When to Use a Colon: a Grammar Guide With Examples

Though there are many rules, there is no definite answer to “when to use a colon?”

A colon introduces a piece of information or a series of information that adds to or explains what came before it. A semicolon shows a close connection between two independent clauses.

The colon is a handy tool to connect sentences and place the focus on a word or phrase. But, like all other punctuation marks, the colon is tied to grammar rules that many people find difficult.

We don’t use colons when there is a simple list of items, a single word, or a single sentence.

Let’s quickly dissect what colons are and when to use them so that your writing can always be readable and concise.

A colon is a type of punctuation mark used to break up a sentence.
When to Use a Colon

What Are Colons?

A colon is a type of punctuation mark used to break up a sentence. The colon looks like two vertically placed dots (:). The colon can be used in many ways. Colons could be used to start a list, explain something, introduce a quote, or link two sentences that go together.

A colon is a punctuation mark used to break up a sentence. The colon looks like two vertically placed dots (:). There are many ways to use a colon. We can use colons to start a list, explain something, introduce a quote, or link two sentences.

Colons inform the reader what transpired before the colon pointed to or described what went after the colon. (This is very different from the semicolon, which separates two independent parts of a sentence with the same meaning.)

Rules to Keep in Mind

A colon always comes after a complete sentence. Never put a colon at the end of a sentence fragment.

You can also remember when to use a colon with the following rule.

Full-sentence + colon + list, fragment, or complete sentence makes the first whole sentence clearer or gives more information.

A colon introduces something that illustrates, clarifies, or contributes to the statement before it.

When to Use a Colon in a Sentence

1. to Introduce a List/noun or Noun Phrase/quote, or Example/explanation.

You can bring attention to many things in your writing by using a colon. The categories below often overlap, so don’t worry too much if your use of the colon doesn’t fit exactly into one of them.

Colon With List Example

We represented the class well in the competition: dance, etiquette, cooking, and fashion.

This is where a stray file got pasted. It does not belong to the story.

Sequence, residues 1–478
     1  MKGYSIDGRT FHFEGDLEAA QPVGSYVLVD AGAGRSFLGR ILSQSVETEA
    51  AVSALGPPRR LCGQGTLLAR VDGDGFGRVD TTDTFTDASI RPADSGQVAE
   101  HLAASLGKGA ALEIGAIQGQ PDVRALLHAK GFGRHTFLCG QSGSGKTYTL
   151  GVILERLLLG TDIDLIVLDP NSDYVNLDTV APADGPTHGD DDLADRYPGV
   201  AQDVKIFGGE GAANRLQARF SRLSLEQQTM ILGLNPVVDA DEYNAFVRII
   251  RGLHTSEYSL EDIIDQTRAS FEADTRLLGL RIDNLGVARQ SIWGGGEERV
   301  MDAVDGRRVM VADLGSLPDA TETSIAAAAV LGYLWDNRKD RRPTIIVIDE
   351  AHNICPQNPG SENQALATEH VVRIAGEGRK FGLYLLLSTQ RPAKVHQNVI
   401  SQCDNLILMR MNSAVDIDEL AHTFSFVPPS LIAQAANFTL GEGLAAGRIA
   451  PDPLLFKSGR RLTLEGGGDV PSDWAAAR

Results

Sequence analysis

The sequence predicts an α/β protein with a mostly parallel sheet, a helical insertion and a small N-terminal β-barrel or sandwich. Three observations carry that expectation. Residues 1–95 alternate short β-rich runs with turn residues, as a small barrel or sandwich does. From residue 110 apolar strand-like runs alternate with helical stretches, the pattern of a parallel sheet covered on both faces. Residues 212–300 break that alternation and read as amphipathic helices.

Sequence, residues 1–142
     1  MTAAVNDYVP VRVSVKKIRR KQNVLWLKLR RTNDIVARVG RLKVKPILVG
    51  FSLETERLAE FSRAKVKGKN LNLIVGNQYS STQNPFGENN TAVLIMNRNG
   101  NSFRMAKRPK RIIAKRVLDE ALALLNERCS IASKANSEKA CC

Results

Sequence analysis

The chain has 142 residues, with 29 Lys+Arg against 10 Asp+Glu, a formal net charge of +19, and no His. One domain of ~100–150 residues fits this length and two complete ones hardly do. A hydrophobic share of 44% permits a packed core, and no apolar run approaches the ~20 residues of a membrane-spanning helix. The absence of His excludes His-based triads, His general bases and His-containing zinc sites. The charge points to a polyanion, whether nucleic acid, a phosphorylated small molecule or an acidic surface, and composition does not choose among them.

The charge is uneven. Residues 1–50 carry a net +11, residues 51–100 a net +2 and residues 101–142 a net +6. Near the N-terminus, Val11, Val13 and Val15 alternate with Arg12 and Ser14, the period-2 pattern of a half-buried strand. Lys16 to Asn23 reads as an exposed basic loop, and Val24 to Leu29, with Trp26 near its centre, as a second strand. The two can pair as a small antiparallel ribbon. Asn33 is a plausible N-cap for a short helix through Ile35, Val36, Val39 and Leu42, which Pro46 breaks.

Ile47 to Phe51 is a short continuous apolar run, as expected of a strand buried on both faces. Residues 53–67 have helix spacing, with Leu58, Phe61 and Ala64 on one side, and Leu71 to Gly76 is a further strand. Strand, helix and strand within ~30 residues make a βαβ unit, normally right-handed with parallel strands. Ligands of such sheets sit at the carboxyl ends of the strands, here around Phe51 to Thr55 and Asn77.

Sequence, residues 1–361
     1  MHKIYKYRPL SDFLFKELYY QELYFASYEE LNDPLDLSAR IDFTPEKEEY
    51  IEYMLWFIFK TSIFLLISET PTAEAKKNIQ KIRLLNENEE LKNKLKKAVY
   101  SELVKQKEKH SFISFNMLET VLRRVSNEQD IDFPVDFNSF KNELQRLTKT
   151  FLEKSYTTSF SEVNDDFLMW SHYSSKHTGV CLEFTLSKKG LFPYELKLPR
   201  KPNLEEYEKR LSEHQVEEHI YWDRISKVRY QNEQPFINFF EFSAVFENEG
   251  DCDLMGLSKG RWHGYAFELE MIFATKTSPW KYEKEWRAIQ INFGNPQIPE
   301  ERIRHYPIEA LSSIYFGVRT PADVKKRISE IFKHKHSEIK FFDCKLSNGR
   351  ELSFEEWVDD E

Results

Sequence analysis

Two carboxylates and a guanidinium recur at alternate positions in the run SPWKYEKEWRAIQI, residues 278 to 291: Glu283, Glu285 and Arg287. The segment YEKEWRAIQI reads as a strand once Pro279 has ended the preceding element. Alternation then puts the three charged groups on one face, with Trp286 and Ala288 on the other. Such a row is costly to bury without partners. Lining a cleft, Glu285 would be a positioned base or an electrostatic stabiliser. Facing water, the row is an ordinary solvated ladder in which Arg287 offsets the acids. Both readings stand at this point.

Colon With Noun/noun Phrase Example

He gave me what I really wanted: His time and money

Colon With Quotation Example

Frank Sinatra made the ultimate statement: “The best revenge is massive success”

Colon With Example/explanation

There is a dark side to fame: chronic stress, depression, substance abuse, eating disorders.

2. Combination of Sentences

You can connect two sentences with a colon when the second sentence sums up, clarifies, or explains the first. Both sentences should be complete and have a lot in common with each other.

Keep in mind that too many colons can break up the flow of your writing. So don’t let your colons get the best of you!


Nothing is softer or more flexible than water: nothing can resist it.

3. Writing and Time Conventions

In writing, there are a few places where it is normal to use a colon. Here are just a few:

Colons are used to separate ratios, bible verses and chapters, units of time, etc


Colon With Time

  • 5:25:10, meaning 5 hours, 25 minutes, and 10 seconds.

Colon With Ratios

  • 2:1, 4:3, 7:4

Colons With Bible Verses and Chapters

  • Matthew 2:24, Psalm 15: 8-12

4. Bibliography Entries

Example: Frances, B. (2012). Character: A conflict of emotions. James and Co., New York, N.Y.

5. Titles and Subtitles

Use a colon to separate the title from the subtitle.

Devils Advocate: “the last man standing.”

6. Formal Letters

In a formal letter, you can use a colon right after the greeting (less-formal letters tend to use a comma in this location).


To Whom It May Concern: Kindly accept my application for the position advertised in the Guardian newspaper.

To Wrap Up

Colons are most commonly used in a way which varies according to the sentence. There are times when a colon could fall in between sentences or when used as a combination of sentences to make a point.

The key is to really understand the context in which you are using the colon. Following the rules above for when to use colons will help you avoid errors in your writing.

Pam is an expert grammarian with years of experience teaching English, writing and ESL Grammar courses at the university level. She is enamored with all things language and fascinated with how we use words to shape our world.

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